Shooting Slide Film

This month I got a hold of my first roll of slide film. Well, that’s an utter lie. Three years ago someone gave me a roll of E6 120 which I had no idea how to shoot - and ended up doing 10 shots at 3 stops over. Needless to say, I had nothing to show for my effort. E6 hates that. So, I’ll correct my opening statement and say this is my first roll of slide where I knew how to expose it properly.

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Derailed - One Camera, One Lens

So, six months into my One Camera, One Lens, One Preset adventure, I am already turning it on its head with a gear change. I really thought I wanted to focus on the digital side, but each time I head out the door, I grab a film camera. I continue to love the experience and results so much more than the digital side. The latest gem has been the 2006 Voigtlander Bessa R3M "250 Jahre" …

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Voigtländer Vitessa T Review

The Voigtländer Vitessa is a somewhat obscure camera from the 1950's - a time when pride was taken to manufacture solid cameras. Often compared in build to the Leica M3, the Vitessa was introduced several years before the iconic Leica M2 first emerged and went through a series of upgrades and model changes until it was ultimately discontinued after 10 years of production.

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My Film Workflow

Today I want to give you a down-n-dirty idea of my film workflow. This isn't about shooting technique or even developing, as I now farm all of that out (Richard Photo Lab), but about how I get from the shot to the printed, uploaded, or socially shared final product. This will be a bit boring, as my process to to get to my final post hardly involves me, ha ha, just the lab. But would love to see in the comments what you do for post work on your film side.

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Format Reflections

I was scrolling through my library last night, looking at images I have captured with various film stocks, cameras, mediums and so on. I decided to pull an image from each format I have used as ones representing my "highlight" shots from them. Maybe not the most technically sound images, or the perfect everything - but if I could show one image from that format and how I feel it should be represented, these are my results and why.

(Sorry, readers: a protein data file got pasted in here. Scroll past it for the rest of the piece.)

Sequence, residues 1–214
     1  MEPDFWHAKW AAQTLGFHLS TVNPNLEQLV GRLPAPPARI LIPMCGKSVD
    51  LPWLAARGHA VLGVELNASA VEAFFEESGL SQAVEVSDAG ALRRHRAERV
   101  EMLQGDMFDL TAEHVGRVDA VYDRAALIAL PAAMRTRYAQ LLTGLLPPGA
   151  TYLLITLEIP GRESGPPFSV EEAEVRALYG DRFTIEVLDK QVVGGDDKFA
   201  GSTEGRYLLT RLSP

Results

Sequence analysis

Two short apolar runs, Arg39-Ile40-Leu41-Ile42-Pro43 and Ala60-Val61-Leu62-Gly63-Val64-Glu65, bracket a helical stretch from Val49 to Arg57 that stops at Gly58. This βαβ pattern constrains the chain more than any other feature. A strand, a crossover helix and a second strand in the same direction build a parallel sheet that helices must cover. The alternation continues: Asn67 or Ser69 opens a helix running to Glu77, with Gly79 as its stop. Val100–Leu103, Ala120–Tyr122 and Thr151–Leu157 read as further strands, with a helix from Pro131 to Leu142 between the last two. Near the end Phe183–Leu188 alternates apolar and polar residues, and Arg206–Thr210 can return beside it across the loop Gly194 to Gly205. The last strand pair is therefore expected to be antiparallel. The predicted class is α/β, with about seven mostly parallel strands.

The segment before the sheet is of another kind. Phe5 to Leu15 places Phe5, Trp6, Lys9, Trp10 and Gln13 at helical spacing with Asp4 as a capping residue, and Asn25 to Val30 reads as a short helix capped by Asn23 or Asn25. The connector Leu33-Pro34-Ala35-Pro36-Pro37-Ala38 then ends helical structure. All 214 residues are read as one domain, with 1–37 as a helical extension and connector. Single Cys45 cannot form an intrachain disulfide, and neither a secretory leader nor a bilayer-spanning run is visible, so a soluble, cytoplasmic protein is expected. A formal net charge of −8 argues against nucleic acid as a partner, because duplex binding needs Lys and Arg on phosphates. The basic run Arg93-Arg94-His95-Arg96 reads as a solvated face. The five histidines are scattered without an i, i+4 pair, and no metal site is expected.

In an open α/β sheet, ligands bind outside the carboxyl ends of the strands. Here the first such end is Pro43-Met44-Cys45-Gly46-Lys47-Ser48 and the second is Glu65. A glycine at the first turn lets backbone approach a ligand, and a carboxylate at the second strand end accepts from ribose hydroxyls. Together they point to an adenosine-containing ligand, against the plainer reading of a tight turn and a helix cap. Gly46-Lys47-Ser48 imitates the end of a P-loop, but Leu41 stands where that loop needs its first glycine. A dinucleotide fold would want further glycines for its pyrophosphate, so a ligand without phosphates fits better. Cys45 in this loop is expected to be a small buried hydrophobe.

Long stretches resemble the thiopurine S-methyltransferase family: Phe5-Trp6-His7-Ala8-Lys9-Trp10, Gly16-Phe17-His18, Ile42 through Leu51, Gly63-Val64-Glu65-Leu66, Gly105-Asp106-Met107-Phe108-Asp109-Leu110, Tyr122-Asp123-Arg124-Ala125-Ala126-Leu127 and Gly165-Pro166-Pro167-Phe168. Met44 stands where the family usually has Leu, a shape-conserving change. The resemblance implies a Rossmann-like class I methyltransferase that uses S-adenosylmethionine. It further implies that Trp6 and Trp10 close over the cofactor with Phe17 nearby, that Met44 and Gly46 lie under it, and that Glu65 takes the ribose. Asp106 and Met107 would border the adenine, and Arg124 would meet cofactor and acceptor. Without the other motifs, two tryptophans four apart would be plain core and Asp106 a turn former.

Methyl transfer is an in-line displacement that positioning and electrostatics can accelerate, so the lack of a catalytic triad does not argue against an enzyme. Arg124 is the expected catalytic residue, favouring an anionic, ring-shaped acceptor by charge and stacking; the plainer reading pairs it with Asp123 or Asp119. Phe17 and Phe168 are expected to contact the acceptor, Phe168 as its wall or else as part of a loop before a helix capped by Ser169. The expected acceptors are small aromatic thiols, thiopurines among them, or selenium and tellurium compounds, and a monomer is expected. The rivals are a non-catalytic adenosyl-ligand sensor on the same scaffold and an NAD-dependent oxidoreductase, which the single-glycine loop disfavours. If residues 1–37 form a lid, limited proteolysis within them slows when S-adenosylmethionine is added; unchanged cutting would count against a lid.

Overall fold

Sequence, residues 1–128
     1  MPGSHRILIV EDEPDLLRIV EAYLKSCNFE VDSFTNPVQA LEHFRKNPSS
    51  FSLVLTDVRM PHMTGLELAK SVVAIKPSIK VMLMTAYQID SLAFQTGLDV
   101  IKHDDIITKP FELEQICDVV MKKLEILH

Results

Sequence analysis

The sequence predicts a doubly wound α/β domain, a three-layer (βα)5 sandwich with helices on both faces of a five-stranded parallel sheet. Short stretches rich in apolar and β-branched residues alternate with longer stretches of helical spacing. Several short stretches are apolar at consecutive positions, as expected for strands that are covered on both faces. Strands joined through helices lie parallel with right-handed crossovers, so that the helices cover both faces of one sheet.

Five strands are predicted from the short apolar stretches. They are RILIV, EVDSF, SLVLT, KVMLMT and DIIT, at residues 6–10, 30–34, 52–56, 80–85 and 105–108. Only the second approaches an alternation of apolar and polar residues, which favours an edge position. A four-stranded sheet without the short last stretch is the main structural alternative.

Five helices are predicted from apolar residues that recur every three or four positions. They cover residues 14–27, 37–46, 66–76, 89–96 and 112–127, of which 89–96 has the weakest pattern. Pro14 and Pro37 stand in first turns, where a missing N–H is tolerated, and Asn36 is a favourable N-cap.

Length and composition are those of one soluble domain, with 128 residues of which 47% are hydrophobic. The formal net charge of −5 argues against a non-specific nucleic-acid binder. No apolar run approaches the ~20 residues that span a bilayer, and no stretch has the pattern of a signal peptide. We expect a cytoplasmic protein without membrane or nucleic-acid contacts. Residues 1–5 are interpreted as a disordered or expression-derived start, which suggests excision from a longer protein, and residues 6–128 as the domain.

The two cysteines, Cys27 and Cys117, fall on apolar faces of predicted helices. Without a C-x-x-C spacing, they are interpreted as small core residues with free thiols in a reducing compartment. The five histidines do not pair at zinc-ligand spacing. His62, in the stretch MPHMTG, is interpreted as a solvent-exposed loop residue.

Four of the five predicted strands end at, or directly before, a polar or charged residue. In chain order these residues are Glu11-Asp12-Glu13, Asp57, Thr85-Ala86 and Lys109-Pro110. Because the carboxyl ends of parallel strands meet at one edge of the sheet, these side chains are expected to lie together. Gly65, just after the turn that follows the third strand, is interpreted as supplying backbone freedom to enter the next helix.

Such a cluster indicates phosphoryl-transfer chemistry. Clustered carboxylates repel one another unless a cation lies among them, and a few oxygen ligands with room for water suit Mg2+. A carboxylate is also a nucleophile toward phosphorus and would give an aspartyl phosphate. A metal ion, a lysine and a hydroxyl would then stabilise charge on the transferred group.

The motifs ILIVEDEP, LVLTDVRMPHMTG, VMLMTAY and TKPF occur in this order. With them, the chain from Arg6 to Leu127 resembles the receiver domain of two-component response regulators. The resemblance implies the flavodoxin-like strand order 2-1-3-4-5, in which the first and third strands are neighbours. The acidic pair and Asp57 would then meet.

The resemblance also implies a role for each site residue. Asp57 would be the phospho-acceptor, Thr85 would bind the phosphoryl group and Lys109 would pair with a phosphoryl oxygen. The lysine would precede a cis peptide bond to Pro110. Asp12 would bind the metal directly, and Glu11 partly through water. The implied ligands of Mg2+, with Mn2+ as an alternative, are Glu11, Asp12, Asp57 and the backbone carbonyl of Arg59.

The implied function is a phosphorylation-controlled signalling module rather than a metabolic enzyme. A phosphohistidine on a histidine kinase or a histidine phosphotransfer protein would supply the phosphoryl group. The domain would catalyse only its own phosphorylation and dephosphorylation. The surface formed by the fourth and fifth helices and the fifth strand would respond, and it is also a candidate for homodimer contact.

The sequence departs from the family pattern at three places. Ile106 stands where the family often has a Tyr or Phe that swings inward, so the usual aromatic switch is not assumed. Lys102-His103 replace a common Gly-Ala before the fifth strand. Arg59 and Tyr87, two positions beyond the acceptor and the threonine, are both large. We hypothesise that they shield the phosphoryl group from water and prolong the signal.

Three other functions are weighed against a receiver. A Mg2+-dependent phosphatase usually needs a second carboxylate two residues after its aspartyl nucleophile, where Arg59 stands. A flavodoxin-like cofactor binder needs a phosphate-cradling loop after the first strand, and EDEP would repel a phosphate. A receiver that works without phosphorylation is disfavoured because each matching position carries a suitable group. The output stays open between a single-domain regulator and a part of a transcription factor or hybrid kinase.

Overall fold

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The Cameras

My camera history began in the summer of 1984 (at the age of 13) using my father's Minolta SRT-102 which he used for shooting mind-bogglingly exciting things like eggplants and tomatoes in his garden. A year later I  learned how to develop film and wet-print in a darkroom in my 8th grade photography class. I decided I needed my very own camera at that time, and as I wasn't very smart then, I decided a tag-sale bargain Polaroid OneStep would be the way to go. Seeing my mistake, my father continued to let me use his Minolta whenever I wanted. What a swell guy. You'd think this would be the start of a young photographer's pursuit, but I was quickly distracted by the Flash Gordon Pinball machine at the penny arcade, so there are quite a few shaky years below.

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Cinestill 50D Film Review

Several hours before the crack of dawn, I loaded up my Leica M2 with a roll of Cinestill 50D which was sent to me by my good film-friend, Cody Priebe and once again boarded the F/V Rimrack for a day of lobster-bait fishing in the Gulf of Maine. Cody had sent me the film last month and I just couldn't decide what subject I wanted to tackle with it. Realizing it's been a month since last being out on the ocean, I rang up Mike Anderson of the F/V Rimrack to see if he wanted some company. He told me he'd be out fishing for lobster-bait the next morning, so off to bed I went, setting the alarm for 2:00am.

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20 Film Cameras for any Budget

Information about the purchase of film cameras are some of the most common requests I get through my blog and Twitter account. This is by no means an exhaustive list, but will cover some of the bodies I've either shot or researched heavily in the past. The prices I indicate below are ballpark and for the most part, body only unless indicated otherwise. Also, this list is only dealing with used film bodies - as I feel that's where there's the most bang for the buck.

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Nantucket Island Squid

When you get an opportunity to fish squid, you take it. I once again got a chance to head out on the F/V Rimrack with Captain Mike Anderson, his wonderful daughter Kelsea, and hammer-beard deckhand Brian Flood. As you may know, I also went out with them in April to shoot and write an article on scallop fishing for Hearth Magazine which will be published in print this fall - but will be on this blog July 1 (stay tuned - as that article mostly features Mike - while this one is more about Kelsea and Brian). This time, the trip was purely for pleasure.

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